Good Data, Bad Design
The Colorado Department of Public Health & Environment (CDPHE) has been publishing data about the COVID pandemic since early March. They recently updated the site, and are publishing a lot more data. However, the design of the site hinders discovery of this data and makes it hard to use / understand. This applies to both the visual design (how it looks) and how it works.
Visual Design Problems
Here is the “meat” of the current display. (I’m omitting the navigation portions, which has problems covered below.)
The main flaws in the visual design are:
- too many colors
- borders around everything
The overuse of color makes the diagram hard to look at. It looks unprofessional. Putting everything in a box with a border makes it harder to scan and compare values. (Edward Tufte calls these “content jails.” Each bit of data is visually locked up and isolated from the others.)
Improved Visual Design
I kept the color coding of each section, but limited it to the separator between sections, and the icons. I used a darker more saturated version of the colors, that I pulled from the logo at the top of the page. The icons are from Font Awesome, an excellent source of free icons. In the original, the icons use a slightly different color than the rows, which is distracting and ugly.
I eliminated the boxes around everything, and instead used white space to separate values. This is almost always a better solution.
I also improved the typography. The numbers are larger and bold, to make them stand out. The labels are smaller. This is the biggest problem with the typography of the original, the values and labels are styled the same.
In the original, the sections don’t have text titles, instead each has an icon on the right. Text tiles work much better.
I dropped the light gray background. It didn’t quite match the gray in the header of the pages, and muddied the colors used. This also improves the accessibility of the display, by improving the contrast between foreground and background.
Here is a screen shot of the page containing this infographic.
The Colorado logo is repeated three times at the top of the page, and the key stats are again all in boxes, with identical type treatment given to the numbers and labels. Below this is a line of grayed out graphics that serves as the navigation to see the other data presented. It seems like we are on the Case Summary Page, but we aren’t. We are on the “home” page of this infographic, reachable by clicking the house icon just below the grayed out images.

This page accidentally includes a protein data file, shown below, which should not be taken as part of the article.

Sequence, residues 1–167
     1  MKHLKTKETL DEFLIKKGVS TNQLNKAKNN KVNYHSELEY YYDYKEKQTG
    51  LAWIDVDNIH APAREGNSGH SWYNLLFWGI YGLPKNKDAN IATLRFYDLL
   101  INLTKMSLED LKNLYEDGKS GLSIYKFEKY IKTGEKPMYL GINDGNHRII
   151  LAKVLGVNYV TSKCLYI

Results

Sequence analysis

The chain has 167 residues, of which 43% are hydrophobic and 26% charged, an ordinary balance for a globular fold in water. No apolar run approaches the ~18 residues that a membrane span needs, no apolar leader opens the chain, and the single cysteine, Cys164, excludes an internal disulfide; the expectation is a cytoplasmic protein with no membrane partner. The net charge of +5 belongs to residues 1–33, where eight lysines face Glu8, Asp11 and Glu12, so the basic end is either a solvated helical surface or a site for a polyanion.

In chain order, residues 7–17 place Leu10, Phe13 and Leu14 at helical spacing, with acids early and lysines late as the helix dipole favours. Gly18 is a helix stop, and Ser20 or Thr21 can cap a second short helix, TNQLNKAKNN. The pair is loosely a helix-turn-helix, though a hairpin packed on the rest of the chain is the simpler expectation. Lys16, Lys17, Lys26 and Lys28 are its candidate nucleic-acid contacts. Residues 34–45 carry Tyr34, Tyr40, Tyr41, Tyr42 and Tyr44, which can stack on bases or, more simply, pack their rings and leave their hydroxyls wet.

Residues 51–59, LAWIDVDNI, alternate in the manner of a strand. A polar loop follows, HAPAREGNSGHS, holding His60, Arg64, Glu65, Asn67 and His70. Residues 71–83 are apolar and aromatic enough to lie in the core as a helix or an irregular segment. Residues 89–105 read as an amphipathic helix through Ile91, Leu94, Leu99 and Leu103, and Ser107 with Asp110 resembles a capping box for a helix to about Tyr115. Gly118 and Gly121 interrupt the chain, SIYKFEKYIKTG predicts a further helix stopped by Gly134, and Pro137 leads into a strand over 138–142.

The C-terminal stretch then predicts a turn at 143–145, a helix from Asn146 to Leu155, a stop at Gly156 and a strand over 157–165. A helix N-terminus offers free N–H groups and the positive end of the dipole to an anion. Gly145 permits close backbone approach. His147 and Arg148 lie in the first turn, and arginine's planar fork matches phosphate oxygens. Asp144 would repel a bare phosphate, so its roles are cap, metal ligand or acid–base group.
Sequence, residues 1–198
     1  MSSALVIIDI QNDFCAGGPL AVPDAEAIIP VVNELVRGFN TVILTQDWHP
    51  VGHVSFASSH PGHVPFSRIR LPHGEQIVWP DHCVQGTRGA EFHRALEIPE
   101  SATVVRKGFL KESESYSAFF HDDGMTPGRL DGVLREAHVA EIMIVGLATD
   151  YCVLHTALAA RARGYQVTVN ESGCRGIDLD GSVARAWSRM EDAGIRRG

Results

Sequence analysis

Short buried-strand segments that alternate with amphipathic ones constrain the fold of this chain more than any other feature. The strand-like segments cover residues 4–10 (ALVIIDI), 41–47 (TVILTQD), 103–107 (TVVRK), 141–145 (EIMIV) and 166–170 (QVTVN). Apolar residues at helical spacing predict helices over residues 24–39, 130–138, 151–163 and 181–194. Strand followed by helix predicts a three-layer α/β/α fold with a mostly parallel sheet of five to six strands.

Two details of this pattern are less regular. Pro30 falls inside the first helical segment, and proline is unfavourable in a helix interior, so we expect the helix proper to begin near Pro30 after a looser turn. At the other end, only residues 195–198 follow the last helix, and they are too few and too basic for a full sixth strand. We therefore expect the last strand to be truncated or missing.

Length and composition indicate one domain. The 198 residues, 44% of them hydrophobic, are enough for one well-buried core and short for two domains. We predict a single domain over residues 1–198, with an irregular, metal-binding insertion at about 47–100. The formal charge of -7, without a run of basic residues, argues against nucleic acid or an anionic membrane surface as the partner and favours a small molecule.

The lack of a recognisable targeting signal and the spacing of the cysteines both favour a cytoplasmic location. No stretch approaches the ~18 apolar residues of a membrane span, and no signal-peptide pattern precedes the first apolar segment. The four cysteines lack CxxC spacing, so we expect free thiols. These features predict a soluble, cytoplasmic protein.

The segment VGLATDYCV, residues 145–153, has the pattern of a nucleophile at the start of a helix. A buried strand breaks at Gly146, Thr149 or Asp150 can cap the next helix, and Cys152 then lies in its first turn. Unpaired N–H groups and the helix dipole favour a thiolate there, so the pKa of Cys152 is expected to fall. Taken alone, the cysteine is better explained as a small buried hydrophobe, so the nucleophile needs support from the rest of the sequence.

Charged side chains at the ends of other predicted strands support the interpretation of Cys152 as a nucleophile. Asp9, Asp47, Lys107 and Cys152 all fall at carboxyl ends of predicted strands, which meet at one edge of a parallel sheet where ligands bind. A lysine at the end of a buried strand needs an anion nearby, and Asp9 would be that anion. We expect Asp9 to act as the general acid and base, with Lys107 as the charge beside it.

This navigation is non-standard. It’s not obvious that the grayed out images are clickable. They take up a lot of space, and are visually loud. And the default state isn’t in the main nav, instead it uses a button below.
The most serious problem with the navigation is slowness. It takes several seconds to load each new state. Anything longer than about half a second feels slow.
This version uses a ’segmented control’ for the navigation. With this control, each state has a button, and the active state is highlighted. It’s much more space efficient. I also changed the language used for some of the labels. I changed ‘Case Summary’ to ‘Cases’ because summary could be confused with ‘Overview’, the name I gave to the initial state. I used ‘Hospitals’ rather than ‘Hospital Data’ to make the labels more similar, most of them are plural nouns. And I grouped all these plural nouns together.
Also, the controls used on may of the graphs are also confusing, as shown below.
Make the Buttons Bigger
The buttons above this graph control the data shown on it. There is a hierarchy, the option selected in the top row affects the options offered in the second row.
However, using size to show this relationship is odd. More problematic is the use of different colors, and different active colors for each row. It’s not immediately obvious what is active. The viewer has to figure out what the active color is for each row, and every graph uses a different set of colors, which is madness.
Instead of using size, we can rely of position alone, and use a consistent color for the selected state across all the controls.
All of my changes reduce clutter on the page, make it more obvious what state is active, and require less mental effort to use.
If anyone from CDPHE is reading this, please feel free to use my improvements, or contact me for more design help email@example.com.